"I was probably one of the few that kept coming, and that's why I didn't want to see it go," he said of the Wyndham Arms, which is named after the family that at one time virtually owned Kentisbeare. "It's the center of the village."

Enterprise Inns, the company that owns the tavern, was so impressed by the community's efforts that it agreed to throw in $150,000 to overhaul the roof and the heating system. Scales is now busy putting in a new kitchen.

He knows the battle for survival isn't over. To remain a viable concern, the alehouse has to keep customers coming back, which is why it serves better food, welcomes children and dogs, and, as its latest innovation, offers Wi-Fi.

But for now the inhabitants of Kentisbeare once more have somewhere to go for a pint and a chat, especially the elderly regulars -- "the gargoyles," Scales calls them -- who like to come in the early evening.

"People need to talk to each other. They need to communicate. They need to feel as though they belong to a community," Scales said. "If I've done nothing in my miserable life, this is perhaps one good thing."

Then he got up to make a round of the tables, among laughing and chatting customers who greeted him by name.

Cheers!

henry.chu@latimes.com

kikibalt
Posts: 13122
Joined: 24 Oct 2005, 18:39

Re: Classic American West Coast Boxing

kikibalt

09 Jun 2009, 10:00

I posted the above article with Bennie and our friends from across the pond in mind.... :TU:

kikibalt
Posts: 13122
Joined: 24 Oct 2005, 18:39

Re: Classic American West Coast Boxing

kikibalt

09 Jun 2009, 10:27

Image

Image

kikibalt
Posts: 13122
Joined: 24 Oct 2005, 18:39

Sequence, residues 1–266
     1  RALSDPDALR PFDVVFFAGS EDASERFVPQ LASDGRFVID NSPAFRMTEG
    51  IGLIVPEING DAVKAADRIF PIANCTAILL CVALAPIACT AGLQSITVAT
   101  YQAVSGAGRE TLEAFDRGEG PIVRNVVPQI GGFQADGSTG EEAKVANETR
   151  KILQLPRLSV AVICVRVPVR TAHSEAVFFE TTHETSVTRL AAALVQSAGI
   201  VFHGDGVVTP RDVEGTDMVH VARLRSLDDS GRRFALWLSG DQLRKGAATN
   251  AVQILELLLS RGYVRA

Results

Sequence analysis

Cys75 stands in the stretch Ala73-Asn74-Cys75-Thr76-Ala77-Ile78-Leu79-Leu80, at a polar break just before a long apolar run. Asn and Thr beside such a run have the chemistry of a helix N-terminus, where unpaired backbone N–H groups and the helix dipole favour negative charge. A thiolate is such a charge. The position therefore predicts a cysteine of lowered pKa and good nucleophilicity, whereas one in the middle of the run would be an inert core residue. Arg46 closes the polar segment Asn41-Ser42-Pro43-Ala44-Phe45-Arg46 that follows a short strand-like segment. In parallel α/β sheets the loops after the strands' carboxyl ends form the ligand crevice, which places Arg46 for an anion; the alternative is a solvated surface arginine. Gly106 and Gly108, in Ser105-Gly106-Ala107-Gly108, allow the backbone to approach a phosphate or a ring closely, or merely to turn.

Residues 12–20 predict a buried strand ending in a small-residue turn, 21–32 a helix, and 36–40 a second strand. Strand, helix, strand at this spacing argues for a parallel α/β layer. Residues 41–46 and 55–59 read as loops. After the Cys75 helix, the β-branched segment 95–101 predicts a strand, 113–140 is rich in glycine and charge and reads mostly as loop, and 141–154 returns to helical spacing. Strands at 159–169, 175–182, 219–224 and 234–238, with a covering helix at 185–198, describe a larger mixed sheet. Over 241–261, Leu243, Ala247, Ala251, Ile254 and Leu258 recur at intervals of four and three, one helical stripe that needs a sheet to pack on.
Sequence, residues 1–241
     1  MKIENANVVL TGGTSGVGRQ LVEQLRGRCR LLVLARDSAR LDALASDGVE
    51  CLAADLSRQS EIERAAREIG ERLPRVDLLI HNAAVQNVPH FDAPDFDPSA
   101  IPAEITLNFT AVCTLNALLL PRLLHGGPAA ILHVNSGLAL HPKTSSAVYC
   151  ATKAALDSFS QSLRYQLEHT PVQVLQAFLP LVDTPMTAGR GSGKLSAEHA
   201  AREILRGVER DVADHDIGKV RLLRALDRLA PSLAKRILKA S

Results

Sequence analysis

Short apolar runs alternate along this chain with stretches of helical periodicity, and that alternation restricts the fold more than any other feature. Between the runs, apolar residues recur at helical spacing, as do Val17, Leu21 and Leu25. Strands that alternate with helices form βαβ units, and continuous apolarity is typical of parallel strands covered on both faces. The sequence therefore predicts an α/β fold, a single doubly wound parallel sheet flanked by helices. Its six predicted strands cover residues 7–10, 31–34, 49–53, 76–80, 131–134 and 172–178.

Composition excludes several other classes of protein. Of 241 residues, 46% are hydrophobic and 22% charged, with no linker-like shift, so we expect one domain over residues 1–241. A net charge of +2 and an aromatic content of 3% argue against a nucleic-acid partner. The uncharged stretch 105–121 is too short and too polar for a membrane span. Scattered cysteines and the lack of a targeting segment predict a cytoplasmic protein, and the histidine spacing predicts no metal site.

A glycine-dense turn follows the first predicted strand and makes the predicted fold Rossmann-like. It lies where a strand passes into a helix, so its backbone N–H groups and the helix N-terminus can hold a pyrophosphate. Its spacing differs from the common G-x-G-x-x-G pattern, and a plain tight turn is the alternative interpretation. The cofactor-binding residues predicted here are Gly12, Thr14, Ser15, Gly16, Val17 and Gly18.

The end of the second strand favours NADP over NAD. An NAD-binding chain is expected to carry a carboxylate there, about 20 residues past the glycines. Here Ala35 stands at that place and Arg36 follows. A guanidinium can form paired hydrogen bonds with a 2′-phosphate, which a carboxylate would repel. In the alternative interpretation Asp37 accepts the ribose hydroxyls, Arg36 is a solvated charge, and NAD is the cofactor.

Re: Classic American West Coast Boxing

kikibalt

09 Jun 2009, 10:46

Image

Image

raylawpc
Posts: 4871
Joined: 21 Mar 2008, 17:21

Re: Classic American West Coast Boxing

raylawpc

09 Jun 2009, 11:00

Expug wrote:
Rick Farris wrote:Sonny Ray & The Seaside Gym . . .

I remember seeing Sonny Ray at amateur boxing shows all thru the later 60's.
Sonny worked with Ernie DeFrance and company at Long Beach's Seaside Gym.
Jake Shagrue took over the place around that time.

In 1969, Sonny joined DeFrance, Jake Horn, and Memo Soto as a coach for our Southern Pacific AAU team.
We'd compete in the Nationals in San Diego in early April.
We'd all be lodged at the Le Baron Hotel on San Diego's Hotel Circle.

Sonny Ray was born in Tennesee in 1936. He grew up in Chicago but would begin his pro boxing career in California, at age 18.
From the mid-50's-to-60's, Ray fought some of the best lightheavy's of the era.
In 1959, he took on World Light Heavyweight champ, Harold Johnson, in a ten-rounder at Chicago Stadium. Losing by 10th rd. TKO.
A year later, he returned to Chicago Stadium to fight another light-heavy champ, Willie Pastrano. He lost a close decision.

Sonny wasn't afraid to fight the best in their hometowns.
He'd travel to Peru to face, Mauro Mina.
In London, he'd fight Chic Calderwood at Wembley Stadium.
In Hawaii, he'd face Bobo Olson.

Between ages 18 and 30, Sonny Ray fought nearly fifty pro fights.
When he joined our AAU team as a coach, he was 33, had retired three years earlier after losing to Matt Blow in San Bernardino.